In an effort to find a more economical solution, the garrison team began looking to the civilian sector to find businesses that might be screening for individuals on watch lists. The garrison team identified a potential solution being used to check identification (ID) cards at casinos, nightclubs, bars, and other establishments that developed local watch lists or screened for underage persons. Although this system required some software modifications, it was a low-cost system that could be fielded almost immediately. The initial intent was to use this off-the-shelf system as a short-term solution until funds could be obtained to purchase a more permanent system similar to those in use at some other Army installations.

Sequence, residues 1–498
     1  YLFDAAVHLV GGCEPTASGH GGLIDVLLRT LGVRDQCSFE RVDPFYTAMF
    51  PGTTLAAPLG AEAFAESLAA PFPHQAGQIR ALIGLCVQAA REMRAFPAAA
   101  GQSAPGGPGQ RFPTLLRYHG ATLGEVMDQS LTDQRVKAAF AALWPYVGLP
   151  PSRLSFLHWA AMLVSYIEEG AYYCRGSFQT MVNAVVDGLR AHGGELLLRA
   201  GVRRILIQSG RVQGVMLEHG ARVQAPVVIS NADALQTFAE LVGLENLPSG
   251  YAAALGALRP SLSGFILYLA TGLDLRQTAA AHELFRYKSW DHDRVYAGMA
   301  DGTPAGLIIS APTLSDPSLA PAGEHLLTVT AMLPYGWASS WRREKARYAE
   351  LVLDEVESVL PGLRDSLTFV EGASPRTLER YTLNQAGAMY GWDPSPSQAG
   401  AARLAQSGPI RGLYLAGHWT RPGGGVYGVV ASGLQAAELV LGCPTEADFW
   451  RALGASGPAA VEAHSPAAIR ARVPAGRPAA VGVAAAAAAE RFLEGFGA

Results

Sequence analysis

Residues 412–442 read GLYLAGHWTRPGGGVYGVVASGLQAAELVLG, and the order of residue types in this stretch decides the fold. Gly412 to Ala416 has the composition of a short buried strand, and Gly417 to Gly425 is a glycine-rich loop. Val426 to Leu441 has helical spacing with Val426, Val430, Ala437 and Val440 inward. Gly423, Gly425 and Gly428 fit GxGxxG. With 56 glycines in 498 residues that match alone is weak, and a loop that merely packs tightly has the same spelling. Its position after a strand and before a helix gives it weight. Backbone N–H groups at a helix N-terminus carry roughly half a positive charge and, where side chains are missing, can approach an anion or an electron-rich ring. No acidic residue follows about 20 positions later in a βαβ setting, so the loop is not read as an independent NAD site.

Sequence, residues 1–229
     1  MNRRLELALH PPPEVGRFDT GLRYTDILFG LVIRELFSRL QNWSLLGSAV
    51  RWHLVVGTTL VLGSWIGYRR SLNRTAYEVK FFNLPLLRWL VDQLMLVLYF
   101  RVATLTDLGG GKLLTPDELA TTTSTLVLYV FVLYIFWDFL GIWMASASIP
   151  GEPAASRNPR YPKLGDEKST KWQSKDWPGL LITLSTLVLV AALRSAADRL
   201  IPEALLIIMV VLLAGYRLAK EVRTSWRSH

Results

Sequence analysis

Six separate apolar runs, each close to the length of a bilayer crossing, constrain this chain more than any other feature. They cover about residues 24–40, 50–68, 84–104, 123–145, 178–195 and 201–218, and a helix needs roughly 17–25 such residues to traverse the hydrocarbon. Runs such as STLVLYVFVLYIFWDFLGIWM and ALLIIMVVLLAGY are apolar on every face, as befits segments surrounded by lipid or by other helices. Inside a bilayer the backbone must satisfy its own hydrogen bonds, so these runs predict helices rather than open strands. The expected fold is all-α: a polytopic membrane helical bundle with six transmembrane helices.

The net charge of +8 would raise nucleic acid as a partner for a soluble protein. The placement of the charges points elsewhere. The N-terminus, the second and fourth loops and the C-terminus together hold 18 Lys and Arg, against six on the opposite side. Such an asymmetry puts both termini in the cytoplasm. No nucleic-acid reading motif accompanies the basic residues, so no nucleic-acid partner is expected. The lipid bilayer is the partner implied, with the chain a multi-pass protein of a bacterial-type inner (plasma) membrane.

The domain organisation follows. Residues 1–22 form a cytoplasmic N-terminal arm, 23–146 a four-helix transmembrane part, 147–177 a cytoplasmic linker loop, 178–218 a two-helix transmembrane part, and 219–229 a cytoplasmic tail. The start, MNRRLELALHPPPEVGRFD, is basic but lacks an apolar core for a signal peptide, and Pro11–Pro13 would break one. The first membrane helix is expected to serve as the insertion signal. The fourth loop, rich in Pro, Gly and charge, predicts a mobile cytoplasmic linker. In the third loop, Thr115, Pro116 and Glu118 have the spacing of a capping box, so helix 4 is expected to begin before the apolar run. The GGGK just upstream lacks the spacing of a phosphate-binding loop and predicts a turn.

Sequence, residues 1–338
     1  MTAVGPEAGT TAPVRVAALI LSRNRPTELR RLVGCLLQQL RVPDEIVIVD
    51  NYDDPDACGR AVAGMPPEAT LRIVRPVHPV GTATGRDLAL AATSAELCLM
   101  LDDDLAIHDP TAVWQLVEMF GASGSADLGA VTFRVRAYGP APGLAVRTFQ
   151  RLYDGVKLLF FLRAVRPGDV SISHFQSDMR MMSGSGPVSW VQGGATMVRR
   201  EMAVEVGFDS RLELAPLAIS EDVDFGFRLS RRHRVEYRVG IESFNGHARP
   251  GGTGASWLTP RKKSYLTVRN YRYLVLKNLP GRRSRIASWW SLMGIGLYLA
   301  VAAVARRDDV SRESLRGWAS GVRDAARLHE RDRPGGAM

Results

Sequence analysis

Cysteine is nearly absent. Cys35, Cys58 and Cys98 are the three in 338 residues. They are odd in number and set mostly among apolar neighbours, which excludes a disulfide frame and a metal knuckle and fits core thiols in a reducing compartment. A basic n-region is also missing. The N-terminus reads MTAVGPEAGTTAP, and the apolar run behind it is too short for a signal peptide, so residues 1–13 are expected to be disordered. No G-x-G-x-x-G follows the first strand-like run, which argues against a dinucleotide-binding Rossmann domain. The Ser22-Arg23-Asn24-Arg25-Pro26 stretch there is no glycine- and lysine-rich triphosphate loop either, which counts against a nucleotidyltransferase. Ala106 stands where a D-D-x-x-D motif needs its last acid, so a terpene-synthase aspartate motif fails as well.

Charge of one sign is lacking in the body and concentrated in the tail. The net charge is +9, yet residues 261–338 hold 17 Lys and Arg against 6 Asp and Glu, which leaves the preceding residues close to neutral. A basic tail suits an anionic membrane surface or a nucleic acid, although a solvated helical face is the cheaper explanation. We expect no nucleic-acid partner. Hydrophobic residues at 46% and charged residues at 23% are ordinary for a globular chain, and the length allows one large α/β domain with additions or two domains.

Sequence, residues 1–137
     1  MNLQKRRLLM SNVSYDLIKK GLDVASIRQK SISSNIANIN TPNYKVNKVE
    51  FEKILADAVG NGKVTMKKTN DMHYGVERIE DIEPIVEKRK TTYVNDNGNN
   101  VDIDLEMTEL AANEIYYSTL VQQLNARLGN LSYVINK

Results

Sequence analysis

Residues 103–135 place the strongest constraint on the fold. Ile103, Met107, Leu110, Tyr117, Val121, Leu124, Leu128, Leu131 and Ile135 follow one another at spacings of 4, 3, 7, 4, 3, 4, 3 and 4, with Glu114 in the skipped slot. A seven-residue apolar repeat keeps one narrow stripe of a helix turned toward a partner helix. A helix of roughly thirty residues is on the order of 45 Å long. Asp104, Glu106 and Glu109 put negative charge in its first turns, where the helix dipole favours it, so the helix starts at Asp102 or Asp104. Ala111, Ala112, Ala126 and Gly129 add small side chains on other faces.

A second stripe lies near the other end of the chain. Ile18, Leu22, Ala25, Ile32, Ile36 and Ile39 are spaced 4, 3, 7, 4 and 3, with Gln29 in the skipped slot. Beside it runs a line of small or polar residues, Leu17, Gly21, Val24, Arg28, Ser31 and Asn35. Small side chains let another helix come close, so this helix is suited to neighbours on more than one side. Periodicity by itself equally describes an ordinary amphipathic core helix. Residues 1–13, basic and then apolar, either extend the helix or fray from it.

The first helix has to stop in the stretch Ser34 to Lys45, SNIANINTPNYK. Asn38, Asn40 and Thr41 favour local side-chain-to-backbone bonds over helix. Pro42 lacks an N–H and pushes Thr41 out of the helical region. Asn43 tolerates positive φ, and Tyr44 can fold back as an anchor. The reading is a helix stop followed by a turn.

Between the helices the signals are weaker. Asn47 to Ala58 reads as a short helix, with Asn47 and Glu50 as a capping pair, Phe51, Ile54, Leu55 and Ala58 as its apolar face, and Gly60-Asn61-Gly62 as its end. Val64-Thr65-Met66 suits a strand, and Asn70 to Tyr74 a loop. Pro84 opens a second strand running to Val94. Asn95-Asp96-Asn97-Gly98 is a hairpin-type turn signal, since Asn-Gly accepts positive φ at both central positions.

In September 2006, Fort Leavenworth began using handheld ID card readers at ACPs to screen for individuals who were barred from post or had suspended driving privileges. The initial system consisted of handheld ID card readers and a standalone computer. The PSO analyzed the system's capabilities and developed protocols for importing the lists of those who were barred from post or had suspended driving privileges and for extracting and recording every transaction that occurred in each reader. Using this system, Fort Leavenworth security personnel have been able to scan Department of Defense and other government ID cards and U.S. driver's licenses. Information from the ID card is matched against databases of individuals who are barred from the installation or have suspended driving privileges. The readers are deployed in the ACP lanes for vehicles without installation decals. When the name on a scanned ID card matches a name on the bar list, a screen pops up and gives a list of potential matches. The security personnel then verify the name on the printed copy of the lists kept at the ACPs.